Fat cells are not as good as thin stem cells

Strong AL, Bowles AC, Wise RM, Morand JP, Dutreil MF, Gimble JM, Bunnell BA.Human adipose stromal/stem cells from obese donors show reduced efficacy in halting disease progression in the experimental autoimmune encephalomyelitis model of multiple sclerosis.Stem Cells. 2015. doi: 10.1002/stem.2272. [Epub ahead of print]

Multiple sclerosis is an autoimmune disease that affects the white matter of the central nervous system and involves inflammation and demyelination. The recent advances in our understanding of adipose-derived stromal/stem cells (ASCs) and the utilization of these cells in clinical settings to treat diseases have made it essential to identify the most effective ASCs for therapy. Studies have not yet investigated the impact of obesity on the therapeutic efficacy of ASCs. Obesity is characterized by adipocyte hyperplasia and hypertrophy and can extend to metabolic and endocrine dysfunction. Investigating the impact obesity has on ASC biology will determine whether these cells are suitable for use in regenerative medicine. The therapeutic efficacy of ASCs isolated from lean subjects (body mass index <25; lnASCs) and obese subjects (body mass index >30; obASCs) were determined in murine experimental autoimmune encephalomyelitis (EAE), a model of multiple sclerosis. Compared to the EAE disease-modifying effects of lnASCs, obASCs consistently failed to alleviate clinical symptoms or inhibit inflammation in the central nervous system. When activated, obASCs expressed higher mRNA levels of several pro-inflammatory cytokines compared to lnASCs. Additionally, conditioned media collected from the obASCs markedly enhanced the proliferation and differentiation of T cells; whereas, conditioned media from lnASC did not. These results indicate that obesity reduces, or eliminates, the anti-inflammatory effects of human ASCs such that they may not be a suitable cell source for the treatment of autoimmune diseases. The data suggests that donor demographics may be particularly important when identifying suitable stem cells for treatment.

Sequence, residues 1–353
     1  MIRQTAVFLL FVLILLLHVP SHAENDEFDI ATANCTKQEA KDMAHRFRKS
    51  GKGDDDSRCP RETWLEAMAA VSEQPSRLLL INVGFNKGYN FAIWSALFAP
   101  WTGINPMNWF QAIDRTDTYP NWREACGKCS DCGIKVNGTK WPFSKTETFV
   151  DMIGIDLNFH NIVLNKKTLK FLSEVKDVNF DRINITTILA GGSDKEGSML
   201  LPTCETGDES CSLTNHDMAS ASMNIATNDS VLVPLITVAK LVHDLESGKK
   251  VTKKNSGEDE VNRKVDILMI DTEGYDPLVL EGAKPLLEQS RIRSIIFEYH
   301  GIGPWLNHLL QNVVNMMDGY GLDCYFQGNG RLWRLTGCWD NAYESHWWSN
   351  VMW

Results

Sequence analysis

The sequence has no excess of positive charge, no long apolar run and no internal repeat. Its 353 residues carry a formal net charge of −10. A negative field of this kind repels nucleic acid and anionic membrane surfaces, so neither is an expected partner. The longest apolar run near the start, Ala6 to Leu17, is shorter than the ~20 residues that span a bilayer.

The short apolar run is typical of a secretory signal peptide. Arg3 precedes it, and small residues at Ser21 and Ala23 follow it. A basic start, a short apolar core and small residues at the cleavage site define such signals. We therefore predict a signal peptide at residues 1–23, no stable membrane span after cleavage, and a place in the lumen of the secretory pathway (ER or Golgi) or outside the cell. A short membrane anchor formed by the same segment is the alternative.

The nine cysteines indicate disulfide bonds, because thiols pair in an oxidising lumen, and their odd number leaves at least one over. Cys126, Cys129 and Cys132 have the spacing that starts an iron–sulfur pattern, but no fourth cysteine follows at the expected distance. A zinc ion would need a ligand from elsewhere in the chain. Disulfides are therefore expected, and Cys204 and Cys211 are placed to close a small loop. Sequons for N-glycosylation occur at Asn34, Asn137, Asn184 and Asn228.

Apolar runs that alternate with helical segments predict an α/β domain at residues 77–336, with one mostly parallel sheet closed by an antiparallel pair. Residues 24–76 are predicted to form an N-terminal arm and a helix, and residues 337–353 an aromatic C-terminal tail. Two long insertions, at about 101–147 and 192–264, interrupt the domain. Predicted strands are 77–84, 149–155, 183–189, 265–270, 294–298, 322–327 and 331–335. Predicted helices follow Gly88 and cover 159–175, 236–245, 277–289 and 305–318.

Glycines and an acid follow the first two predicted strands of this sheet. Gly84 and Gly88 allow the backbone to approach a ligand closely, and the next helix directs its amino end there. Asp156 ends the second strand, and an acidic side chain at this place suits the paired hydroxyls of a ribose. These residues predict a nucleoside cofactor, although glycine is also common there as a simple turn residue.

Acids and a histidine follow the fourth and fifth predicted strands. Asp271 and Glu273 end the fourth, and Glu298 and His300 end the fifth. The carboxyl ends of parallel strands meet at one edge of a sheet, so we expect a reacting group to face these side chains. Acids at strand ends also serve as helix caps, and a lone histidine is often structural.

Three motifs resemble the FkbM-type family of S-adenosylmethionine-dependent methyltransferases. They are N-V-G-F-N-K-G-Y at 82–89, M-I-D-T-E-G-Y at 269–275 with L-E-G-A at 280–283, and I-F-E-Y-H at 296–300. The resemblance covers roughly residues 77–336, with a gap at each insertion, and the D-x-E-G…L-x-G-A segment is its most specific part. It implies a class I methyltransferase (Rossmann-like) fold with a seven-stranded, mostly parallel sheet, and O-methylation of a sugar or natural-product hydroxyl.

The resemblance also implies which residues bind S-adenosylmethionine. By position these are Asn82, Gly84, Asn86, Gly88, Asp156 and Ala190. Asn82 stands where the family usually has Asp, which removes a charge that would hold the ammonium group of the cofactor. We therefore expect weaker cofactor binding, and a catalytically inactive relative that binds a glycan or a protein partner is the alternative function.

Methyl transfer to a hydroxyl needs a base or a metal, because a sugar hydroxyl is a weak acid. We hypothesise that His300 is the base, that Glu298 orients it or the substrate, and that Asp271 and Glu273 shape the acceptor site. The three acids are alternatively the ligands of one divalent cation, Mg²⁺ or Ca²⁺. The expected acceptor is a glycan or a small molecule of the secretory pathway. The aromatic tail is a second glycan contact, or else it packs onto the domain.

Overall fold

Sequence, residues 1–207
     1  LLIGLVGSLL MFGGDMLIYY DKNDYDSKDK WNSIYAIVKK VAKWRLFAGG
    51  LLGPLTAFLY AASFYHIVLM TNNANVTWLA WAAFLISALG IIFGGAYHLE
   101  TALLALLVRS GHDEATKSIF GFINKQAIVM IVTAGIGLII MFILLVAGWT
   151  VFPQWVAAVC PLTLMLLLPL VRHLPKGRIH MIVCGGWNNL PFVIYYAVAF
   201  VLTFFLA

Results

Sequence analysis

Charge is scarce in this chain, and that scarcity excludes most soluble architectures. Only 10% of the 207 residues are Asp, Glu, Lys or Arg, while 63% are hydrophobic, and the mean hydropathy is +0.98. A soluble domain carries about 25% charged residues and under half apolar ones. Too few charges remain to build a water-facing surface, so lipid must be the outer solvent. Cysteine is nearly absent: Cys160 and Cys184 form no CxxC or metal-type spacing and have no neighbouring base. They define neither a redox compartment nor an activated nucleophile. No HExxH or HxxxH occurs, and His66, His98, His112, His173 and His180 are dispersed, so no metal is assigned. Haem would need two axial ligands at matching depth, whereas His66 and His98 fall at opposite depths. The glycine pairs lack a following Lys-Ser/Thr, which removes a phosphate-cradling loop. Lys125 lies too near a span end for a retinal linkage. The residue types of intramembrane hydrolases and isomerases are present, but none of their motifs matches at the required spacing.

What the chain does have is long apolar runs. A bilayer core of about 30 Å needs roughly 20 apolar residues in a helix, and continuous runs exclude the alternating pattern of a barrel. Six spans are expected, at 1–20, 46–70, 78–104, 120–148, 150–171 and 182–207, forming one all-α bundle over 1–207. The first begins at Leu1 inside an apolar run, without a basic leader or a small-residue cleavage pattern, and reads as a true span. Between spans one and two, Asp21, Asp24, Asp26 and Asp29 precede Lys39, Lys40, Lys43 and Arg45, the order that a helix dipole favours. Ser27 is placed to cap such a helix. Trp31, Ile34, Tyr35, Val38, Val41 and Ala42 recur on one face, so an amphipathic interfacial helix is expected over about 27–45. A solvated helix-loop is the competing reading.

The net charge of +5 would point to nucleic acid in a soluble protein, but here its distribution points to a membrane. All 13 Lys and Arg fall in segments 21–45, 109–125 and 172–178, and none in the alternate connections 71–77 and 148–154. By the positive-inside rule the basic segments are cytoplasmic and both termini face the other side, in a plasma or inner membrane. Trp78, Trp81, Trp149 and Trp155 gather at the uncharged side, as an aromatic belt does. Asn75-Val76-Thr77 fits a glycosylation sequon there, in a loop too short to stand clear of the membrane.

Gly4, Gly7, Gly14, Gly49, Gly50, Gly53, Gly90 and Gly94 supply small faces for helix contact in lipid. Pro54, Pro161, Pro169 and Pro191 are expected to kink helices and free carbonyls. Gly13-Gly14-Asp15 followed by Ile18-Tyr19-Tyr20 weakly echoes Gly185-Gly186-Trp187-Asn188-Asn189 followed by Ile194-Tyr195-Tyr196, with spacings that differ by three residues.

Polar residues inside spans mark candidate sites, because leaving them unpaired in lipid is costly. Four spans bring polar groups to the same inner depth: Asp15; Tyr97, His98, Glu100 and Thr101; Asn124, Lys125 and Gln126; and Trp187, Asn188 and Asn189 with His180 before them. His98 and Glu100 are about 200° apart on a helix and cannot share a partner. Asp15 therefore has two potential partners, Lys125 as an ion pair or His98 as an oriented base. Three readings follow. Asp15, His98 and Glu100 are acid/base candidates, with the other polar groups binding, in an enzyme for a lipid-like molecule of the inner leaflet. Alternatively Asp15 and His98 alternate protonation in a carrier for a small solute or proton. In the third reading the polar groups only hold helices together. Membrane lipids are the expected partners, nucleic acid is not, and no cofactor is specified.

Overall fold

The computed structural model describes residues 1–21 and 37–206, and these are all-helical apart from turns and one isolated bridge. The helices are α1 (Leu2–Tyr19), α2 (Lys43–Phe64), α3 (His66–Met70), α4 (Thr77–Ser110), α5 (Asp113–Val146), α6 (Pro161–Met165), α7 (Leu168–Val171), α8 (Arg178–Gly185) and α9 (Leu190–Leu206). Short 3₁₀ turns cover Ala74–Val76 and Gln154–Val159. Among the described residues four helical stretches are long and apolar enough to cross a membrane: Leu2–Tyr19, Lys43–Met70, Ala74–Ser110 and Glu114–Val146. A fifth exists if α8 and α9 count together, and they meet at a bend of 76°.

So after tucking into our christmas lunch we may add a few pounds/kilos. What this study does is looks at stem cells from fat cells from fat people and says they don’t work unlike stem cells from thin people. This may be because they produce pro-inflammatory factors.

The question is, Is this why we are interested in stem cells? 

Don’t we want them to repair as there are plenty of treatments to deal with the immune response. Do stem cells do this any better..generally the answer is no.

So we will be hearing about 

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